TL: To me, at least, it means the world. I’m a co-founder, so to see something I helped start get bigger and bigger all the time is awesome. I love the guys and girls who sit and sing with us. From what I can tell, the feeling is mutual between everyone. It’s always a big party between friends and that’s what it’s all about. Having fun, meeting new people and growing, all while supporting the New York Islanders.
DF: Are there any specific episodes in the Coliseum stands that you’ll never forget?
TL: The support during the whole season and the playoffs this year. I don’t know if we’ve ever been louder. The night the Isles played the (Pittsburgh) Penguins, where everyone fought and we won 9-3, was amazing. The final home game of this year’s regular season was awesome, with half our section doing “The Huddle” together. Meeting guys from Wales on a school trip, who came to a game to see what is was like, and singing stuff they recognized was awesome too.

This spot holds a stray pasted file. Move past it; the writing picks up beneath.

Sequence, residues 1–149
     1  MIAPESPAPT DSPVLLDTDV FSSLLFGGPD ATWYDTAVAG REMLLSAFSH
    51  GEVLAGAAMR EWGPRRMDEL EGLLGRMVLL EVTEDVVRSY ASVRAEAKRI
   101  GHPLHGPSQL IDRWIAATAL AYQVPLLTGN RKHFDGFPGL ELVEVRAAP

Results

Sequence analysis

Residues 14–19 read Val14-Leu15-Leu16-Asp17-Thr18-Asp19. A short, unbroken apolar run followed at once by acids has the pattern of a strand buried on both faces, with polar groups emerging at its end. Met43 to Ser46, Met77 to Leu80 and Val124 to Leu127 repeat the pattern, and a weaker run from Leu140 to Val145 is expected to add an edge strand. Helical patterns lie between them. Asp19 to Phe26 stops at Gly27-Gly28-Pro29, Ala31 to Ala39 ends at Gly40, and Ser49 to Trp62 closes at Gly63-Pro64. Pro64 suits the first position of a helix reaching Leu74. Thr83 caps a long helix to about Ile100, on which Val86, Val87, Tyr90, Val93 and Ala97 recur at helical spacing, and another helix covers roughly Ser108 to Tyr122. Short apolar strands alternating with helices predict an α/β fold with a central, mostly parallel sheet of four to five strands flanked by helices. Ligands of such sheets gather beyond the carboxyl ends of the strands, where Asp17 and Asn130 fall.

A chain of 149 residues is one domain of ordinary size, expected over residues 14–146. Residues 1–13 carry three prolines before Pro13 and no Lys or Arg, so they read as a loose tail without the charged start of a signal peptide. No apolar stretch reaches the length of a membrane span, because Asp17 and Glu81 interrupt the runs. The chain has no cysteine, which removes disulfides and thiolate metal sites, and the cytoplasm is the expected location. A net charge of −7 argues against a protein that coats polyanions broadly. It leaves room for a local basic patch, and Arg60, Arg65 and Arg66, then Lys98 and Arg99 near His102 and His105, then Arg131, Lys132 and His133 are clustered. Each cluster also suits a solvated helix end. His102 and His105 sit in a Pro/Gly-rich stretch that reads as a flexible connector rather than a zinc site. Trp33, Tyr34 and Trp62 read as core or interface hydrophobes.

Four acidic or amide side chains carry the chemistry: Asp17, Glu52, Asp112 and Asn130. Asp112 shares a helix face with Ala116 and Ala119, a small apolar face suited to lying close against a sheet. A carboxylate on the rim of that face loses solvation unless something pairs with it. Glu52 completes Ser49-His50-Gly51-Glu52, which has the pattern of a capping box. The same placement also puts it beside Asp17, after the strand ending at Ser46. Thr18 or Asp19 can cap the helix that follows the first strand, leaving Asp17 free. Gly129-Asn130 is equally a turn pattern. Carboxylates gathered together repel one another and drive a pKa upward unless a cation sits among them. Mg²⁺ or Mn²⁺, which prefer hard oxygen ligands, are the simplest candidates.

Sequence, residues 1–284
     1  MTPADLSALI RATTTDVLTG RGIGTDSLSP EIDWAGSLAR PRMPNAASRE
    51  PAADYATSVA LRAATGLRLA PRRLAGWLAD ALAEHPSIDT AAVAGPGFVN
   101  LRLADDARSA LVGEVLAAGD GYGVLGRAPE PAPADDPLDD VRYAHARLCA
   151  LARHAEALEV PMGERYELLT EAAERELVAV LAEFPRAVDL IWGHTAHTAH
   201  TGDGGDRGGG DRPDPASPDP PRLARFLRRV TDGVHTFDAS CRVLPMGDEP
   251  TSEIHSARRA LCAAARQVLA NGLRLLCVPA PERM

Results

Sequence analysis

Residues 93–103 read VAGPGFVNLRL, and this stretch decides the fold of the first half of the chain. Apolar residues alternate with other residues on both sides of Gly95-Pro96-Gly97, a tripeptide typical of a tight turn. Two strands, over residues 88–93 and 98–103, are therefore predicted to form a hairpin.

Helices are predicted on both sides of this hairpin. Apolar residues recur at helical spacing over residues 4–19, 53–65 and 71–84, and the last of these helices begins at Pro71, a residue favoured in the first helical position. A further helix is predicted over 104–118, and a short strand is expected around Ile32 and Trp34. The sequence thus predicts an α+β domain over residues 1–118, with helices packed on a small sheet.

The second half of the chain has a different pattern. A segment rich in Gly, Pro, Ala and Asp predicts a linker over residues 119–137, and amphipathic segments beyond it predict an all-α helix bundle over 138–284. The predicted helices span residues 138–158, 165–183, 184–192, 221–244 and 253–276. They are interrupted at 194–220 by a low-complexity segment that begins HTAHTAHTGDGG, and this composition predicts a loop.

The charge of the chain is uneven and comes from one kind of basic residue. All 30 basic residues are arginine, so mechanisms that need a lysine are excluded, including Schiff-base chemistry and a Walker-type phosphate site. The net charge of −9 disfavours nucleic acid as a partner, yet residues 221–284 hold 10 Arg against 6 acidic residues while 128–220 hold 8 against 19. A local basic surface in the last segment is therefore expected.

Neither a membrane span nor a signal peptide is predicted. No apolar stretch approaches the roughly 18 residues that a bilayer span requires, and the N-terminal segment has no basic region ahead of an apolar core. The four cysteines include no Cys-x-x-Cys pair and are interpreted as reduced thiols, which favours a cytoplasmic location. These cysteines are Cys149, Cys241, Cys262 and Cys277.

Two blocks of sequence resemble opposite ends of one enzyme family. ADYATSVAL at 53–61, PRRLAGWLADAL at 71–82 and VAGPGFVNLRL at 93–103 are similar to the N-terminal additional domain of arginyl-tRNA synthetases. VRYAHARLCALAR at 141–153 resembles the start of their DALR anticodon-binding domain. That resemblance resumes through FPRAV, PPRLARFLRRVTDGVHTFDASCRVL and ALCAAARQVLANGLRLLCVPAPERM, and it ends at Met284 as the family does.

DF: If you could send any message to your fellow Islander fans, what would it be?
TL: Whether you like us or not, keep supporting the Islanders. The fans give the team life and give them something to play for. Without them, we are nothing and without us, they are nothing. If you want to check us out, come to a game and sit with us. We have song sheets so you can learn the chants. Everyone who is an Islander fan is welcome.
DF: Where can Islander fans learn more information about the Blue and Orange Army?
Follow Daniel Friedman on Twitter @DFriedmanWFAN